The House at Riverton

Monday, November 26, 2012

The House at Riverton 
by Kate Morton

Morton’s novels are always fun reads for me and this one didn’t disappoint. With shades of du Maurier’s Rebecca and the BBC’s Downton Abbey, the book was a wonderful mystery. I read this as part of the read-along hosted by Words and Peace, but I couldn’t manage to slow down long enough to keep to the reading schedule. Oh well.

We meet Grace at the end of her life. She is living out her days at a retirement home when she finds out a movie is being made about a dramatic event that happened in her youth. As a teenager Grace worked as a house maid at a large manor, Riverton, in the English countryside. A young poet committed suicide at the home one night and the mystery surrounding the evening has always left people wanting to know more. Grace decides it might be time to finally reveal the truth of what happened.

Like all of Morton’s novels, this one has themes of mother/daughter relationships, long-kept secrets and the English countryside. Grace’s mother used to work at Riverton and we slowly learn bits of her history as well.

After a few years at Riverton Grace becomes a lady’s maid for the Hartford sisters, Hannah and Emmeline. Their close relationship allows Grace to give us a wide-view of the happenings in the house. As the years pass and relationships become more complicated the story reminds us that one man’s happiness is another man’s prison.

I thought the relationship between Hannah and Emmeline was one of the most fascinating elements of the story. The relationship between sisters is like no other. It tends to be fraught with both love and jealousy, creating a strange and precarious balance. Morton captured this perfectly, allowing us to understand and sympathize with both sisters throughout the novel.
I really enjoyed it. The Forgotten Garden is my favorite of her’s so far, but I have a theory that your first Morton is always your favorite. This one was the perfect book to give me a Downton Abbey fix until I can watch the third season. Curl up and read it while it's cold outside!

“‘No. Not a mystery. Just a nice safe history.’ Ah my darling. But there is no such thing.”

“…for home is a magnet that lures back even its most abstracted children.”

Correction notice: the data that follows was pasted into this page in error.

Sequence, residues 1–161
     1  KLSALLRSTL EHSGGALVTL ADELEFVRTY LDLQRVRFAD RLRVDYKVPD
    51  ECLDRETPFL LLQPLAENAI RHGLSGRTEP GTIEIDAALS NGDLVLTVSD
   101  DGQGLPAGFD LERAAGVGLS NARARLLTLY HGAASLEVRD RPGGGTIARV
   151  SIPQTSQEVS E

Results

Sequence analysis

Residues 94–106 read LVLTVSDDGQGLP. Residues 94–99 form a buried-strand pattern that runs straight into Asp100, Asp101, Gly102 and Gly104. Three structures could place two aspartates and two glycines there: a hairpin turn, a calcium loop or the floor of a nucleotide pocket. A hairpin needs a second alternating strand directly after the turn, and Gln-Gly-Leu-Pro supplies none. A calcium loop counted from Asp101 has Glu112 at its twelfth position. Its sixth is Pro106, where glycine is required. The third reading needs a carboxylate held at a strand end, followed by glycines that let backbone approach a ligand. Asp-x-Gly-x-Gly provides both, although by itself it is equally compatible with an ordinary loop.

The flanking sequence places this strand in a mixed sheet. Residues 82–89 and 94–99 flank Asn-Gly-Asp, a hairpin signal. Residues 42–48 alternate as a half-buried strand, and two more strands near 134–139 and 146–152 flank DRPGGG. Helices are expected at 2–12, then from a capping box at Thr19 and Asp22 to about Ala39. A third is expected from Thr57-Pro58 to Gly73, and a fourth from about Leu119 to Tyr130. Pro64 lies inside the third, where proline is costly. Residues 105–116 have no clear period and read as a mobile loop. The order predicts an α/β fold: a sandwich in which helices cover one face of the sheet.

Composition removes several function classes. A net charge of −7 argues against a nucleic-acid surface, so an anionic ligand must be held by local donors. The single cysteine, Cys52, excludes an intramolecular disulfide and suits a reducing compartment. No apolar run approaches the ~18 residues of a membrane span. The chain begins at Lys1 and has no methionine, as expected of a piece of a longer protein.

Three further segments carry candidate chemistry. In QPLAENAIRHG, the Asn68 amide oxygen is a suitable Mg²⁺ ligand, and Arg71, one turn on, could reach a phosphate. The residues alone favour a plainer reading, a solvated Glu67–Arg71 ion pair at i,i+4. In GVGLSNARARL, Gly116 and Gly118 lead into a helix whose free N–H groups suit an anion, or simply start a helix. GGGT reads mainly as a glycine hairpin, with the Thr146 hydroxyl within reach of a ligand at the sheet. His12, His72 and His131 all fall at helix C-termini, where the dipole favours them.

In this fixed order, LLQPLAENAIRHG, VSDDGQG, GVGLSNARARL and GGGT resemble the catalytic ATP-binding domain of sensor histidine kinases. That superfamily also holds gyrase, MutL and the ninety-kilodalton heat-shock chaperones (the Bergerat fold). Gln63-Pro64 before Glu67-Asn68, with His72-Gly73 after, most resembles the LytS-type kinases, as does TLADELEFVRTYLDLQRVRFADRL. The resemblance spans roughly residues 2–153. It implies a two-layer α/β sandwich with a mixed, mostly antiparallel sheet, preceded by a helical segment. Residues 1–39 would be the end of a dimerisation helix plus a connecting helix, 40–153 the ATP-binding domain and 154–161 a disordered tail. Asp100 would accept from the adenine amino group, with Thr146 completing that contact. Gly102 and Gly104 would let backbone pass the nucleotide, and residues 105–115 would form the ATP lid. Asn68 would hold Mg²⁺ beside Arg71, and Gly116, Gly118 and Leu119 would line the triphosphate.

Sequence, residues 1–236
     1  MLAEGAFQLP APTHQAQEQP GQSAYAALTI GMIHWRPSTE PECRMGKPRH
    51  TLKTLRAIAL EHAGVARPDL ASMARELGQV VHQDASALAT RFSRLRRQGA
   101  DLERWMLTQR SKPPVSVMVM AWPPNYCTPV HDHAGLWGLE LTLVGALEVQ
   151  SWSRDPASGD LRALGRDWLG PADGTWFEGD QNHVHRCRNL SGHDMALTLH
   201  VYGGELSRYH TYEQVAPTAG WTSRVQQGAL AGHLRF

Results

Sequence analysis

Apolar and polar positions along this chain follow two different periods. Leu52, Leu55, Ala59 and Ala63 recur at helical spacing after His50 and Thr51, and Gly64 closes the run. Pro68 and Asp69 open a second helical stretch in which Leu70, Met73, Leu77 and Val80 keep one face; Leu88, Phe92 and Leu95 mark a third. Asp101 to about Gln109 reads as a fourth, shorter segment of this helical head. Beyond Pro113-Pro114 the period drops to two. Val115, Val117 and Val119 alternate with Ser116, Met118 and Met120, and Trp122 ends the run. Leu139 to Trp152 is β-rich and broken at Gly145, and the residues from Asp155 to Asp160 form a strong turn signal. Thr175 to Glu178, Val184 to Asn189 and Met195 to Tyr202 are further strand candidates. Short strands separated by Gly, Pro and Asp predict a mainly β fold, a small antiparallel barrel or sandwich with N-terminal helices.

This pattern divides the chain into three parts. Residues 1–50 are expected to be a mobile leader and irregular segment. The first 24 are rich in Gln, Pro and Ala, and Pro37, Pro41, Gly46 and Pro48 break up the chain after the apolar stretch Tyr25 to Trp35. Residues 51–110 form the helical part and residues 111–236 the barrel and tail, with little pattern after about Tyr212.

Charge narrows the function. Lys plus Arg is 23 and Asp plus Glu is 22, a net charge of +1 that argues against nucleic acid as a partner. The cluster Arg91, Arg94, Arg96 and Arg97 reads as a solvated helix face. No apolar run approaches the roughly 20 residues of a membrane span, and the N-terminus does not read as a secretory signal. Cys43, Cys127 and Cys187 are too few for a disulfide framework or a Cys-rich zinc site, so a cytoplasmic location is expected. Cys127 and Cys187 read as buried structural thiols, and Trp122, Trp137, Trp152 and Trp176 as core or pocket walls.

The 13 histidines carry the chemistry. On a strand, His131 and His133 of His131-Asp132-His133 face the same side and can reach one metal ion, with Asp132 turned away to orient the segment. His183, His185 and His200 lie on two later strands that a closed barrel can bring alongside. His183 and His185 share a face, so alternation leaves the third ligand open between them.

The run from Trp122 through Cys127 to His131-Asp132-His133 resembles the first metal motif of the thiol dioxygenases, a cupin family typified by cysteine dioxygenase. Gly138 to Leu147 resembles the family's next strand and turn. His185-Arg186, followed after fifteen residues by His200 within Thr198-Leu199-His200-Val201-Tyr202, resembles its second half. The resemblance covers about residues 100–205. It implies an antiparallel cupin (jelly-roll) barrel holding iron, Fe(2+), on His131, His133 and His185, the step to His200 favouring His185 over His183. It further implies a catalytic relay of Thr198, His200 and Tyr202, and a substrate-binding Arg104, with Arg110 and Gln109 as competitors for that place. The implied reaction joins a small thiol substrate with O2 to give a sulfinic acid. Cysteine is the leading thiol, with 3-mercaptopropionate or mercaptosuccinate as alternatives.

“It is an uncanny feeling, that rare occasion when one catches a glimpse of oneself in repose. An unguarded moment, stripped of artifice, when one forgets to fool even oneself.” 

“Reading is one of life’s great pleasures; talking about books keeps their worlds alive for longer.” (This last quote actually came form an interview with Morton at the end of my book)
You can’t find my thoughts on the beginning of the novel here.


Kimberlee said...

I've heard so many good things about Kate Morton. I guess I just need to find the time to read this one. Sounds great and great review.


Jeanne said...

I miss the appeal of this (and Downton Abbey). Is there a name for this genre? English class society before WWII novel?

annieb said...

I will have to add Morton to my ever growing list of authors I want/need to read. Most of which, I might add, have come from you.

Kailana said...

I agree. The Forgotten Garden is my favourite, too. It was also my first. :) I enjoyed this one, though!

Natalie~Coffee and a Book Chick said...

I loved this book as well, and it was my first time reading Morton, too. Glad you enjoyed it!

Jenners said...

I really must stop dilly dallying mad read this author!

Sandy Nawrot said...

This was my first Morton, and while I loved it (it was enough to bring me back again and again) I thought it was maybe a hundred pages too long. My favorite is the one I just finished, The Forgotten Garden. On that book, I wouldn't change a thing.

Melissa @ Confessions of an Avid Reader said...

Great review. The Forgotten Garden is my favourite of Morton's books, too, although The House at Riverton does run a close second.

Melissa (Avid Reader) said...

Kimberlee - Start with Forgotten Garden!

Jeanne - I'm not sure, but whatever you call them I'm definitely a fan.

annieb - I think you'd like her!

Kailana - I need to re-read Forgotten soon.

Natalie - I can't wait to read Morton's new book!

Jenners - You should!

Sandy - I feel the same. The Forgotten Garden was just perfect!

Melissa - I think I would list The Distant Hours as my second, but they are all pretty close.